Thanks for all the help!

Thanks for all the help!

Fieldwork.jpg

During the past year, I have been lucky to work with a bunch of great undergraduate students. They have helped me with my work, doing jobs such as surveying wetlands, collecting plant and soil samples, and entering data. Having these helpers has been essential for me through their labor, company, and keeping me on task. The jobs I’ve thrown at them have never been easy, so I’m grateful for their hard work. 

Many students ask me how to get involved with their first research experience. It’s not always obvious how to get your foot in the door, and it can be intimidating to approach a professor or older student. In this post, I’ll share the story of how six students got involved in research in my lab. 

  1. Answer an advertisement. Last summer, I got a grant to hire a field assistant. In March, I put out an application through the Ecology and Environmental Science Department email lists. I got a lot of good applicants. In the end, I hired two part-time helpers, Lyla and Jordan. My advisor and fellow graduate student were also looking for summer helpers, so I was able to refer two additional applicants on to get hired in other positions for the summer.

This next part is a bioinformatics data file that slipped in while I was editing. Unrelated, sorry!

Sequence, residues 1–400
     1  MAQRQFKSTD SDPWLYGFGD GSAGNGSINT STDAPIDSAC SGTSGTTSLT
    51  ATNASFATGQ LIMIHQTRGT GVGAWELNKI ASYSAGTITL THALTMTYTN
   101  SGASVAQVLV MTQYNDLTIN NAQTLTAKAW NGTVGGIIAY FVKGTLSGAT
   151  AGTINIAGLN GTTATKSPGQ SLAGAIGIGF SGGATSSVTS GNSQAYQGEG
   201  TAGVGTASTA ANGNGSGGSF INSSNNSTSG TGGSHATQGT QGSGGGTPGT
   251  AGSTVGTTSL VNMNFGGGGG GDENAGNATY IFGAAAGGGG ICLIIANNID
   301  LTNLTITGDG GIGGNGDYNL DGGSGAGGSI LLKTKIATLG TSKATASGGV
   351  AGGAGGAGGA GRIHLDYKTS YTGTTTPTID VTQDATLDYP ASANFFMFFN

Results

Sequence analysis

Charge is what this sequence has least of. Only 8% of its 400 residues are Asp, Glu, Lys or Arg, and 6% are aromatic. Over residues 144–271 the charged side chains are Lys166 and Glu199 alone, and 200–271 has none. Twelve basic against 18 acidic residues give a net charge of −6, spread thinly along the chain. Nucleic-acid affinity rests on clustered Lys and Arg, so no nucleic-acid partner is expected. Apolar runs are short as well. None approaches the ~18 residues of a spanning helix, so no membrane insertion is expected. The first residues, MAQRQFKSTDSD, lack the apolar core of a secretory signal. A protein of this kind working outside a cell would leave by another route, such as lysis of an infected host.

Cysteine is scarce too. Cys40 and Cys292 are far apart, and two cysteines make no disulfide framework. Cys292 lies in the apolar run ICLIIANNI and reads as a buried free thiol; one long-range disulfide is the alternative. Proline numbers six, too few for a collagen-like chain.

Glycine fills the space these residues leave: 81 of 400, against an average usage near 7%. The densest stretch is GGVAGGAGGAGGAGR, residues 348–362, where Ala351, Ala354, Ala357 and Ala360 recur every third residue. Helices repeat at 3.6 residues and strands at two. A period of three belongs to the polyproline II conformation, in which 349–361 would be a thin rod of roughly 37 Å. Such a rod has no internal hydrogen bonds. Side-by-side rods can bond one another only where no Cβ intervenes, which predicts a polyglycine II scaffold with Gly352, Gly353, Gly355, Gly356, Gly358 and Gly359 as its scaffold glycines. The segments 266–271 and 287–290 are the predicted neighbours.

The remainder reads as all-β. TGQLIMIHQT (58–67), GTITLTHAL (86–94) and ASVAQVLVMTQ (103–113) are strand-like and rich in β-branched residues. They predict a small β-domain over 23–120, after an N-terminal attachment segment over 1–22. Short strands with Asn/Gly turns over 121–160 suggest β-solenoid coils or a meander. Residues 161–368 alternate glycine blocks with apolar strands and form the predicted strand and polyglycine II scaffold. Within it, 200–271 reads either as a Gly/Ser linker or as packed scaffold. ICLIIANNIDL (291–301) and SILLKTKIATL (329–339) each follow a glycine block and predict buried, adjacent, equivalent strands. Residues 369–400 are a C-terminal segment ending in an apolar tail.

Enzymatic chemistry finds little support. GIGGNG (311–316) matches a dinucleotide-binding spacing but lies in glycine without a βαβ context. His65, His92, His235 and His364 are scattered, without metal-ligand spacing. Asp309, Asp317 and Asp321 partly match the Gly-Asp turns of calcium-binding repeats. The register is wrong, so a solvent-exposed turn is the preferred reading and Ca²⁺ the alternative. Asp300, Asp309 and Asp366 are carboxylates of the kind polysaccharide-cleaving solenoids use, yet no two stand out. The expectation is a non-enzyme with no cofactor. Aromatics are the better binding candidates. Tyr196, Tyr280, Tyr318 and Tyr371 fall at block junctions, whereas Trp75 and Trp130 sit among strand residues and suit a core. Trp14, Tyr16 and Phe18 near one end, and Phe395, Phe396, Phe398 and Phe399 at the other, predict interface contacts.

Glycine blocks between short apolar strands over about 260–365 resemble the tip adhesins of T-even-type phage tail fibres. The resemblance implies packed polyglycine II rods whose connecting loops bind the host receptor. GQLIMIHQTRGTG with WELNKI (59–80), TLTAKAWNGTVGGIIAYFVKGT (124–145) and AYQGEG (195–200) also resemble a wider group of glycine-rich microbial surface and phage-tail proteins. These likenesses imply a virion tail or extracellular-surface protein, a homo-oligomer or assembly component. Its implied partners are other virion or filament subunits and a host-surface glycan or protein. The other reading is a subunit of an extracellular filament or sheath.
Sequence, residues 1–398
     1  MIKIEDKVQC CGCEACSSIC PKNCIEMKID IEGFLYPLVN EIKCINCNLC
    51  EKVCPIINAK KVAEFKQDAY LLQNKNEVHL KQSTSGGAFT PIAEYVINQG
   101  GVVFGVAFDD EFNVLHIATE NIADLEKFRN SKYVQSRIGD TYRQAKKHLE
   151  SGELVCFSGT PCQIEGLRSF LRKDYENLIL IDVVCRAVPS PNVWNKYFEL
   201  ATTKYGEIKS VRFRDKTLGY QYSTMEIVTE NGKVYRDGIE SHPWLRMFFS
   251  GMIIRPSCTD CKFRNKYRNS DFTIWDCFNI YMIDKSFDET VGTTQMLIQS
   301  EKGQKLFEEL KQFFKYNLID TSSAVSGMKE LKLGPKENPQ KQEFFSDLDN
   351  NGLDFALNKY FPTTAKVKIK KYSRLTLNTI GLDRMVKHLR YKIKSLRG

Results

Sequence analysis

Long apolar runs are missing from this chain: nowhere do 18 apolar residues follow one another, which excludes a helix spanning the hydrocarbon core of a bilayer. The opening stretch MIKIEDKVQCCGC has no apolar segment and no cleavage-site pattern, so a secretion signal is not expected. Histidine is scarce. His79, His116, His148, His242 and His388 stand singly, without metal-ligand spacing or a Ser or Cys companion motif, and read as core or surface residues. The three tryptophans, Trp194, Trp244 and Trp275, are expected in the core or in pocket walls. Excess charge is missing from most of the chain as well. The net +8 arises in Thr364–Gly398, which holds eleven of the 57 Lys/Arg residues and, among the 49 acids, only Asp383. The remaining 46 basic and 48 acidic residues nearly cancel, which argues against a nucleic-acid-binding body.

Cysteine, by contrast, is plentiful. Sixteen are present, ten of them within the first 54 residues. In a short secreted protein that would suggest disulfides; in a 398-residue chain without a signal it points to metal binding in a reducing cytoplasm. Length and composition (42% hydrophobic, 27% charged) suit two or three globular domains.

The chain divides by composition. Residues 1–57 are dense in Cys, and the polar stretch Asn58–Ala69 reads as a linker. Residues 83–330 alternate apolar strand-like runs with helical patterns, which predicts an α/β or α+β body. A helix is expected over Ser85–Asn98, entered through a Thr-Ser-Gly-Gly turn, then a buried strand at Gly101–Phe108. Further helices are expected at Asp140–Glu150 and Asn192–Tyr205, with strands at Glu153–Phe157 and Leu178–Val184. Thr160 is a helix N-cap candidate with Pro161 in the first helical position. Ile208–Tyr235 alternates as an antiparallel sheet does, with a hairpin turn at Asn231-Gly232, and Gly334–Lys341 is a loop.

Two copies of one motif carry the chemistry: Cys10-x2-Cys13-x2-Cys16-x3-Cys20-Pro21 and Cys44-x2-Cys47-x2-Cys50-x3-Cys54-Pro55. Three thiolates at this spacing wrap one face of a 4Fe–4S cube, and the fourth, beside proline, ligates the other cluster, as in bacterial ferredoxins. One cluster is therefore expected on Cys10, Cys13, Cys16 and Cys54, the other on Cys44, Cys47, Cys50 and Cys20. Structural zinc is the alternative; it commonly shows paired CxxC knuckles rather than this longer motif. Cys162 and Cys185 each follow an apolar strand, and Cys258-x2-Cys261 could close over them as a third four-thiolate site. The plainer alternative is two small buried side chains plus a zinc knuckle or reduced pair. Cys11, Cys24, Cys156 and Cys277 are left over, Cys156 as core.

2. Experience Based Credits. After working with Lyla as a field assistant, she returned to the lab to continue part of the research for one credit. We worked together to design an experiment, and she carried it out. Lyla put together a research poster that she presented at a conference in April. 

  3. Be engaged in your classes. If there is a subject that you really like, don’t be shy about letting that show. I was in a lab group with undergraduates in a soils course. They were really enthusiastic and interested in the subject. Later, when I needed some help in the lab, I thought of them as possible assistants. I asked Kevin to help out in the lab in the fall to process soil samples. He got hands on experience with a number of new soil-analysis techniques and met a number of other scientists through his time in the lab. In the spring, he also helped put together the conference poster.

  4. Volunteer in a lab. I gave a presentation in the Wetland Ecology course, and afterwards I was approached by a few students who were interested in my work. They wanted to get involved, and Swati followed up. She started working in the lab one morning a week doing data entry and working on an educational brochure for the public. After a semester, I was able to hire her as a field assistant for the following summer. 

  5. Apply for a research program. There are lots of programs around that will provide a formal introduction to research. This summer, Serena worked with me through the Aresty Summer Science program here at Rutgers. As part of a two-month program, she worked full time in the lab, lived on campus, and received additional mentoring. We did two days of field work per week, and three days in the lab. Toward the end of the program, Serena developed her own research question under the theme of our summer research, and produced a conference poster.

Making my own map (Object-based imagery analysis of remotely sensed data)

Making my own map (Object-based imagery analysis of remotely sensed data)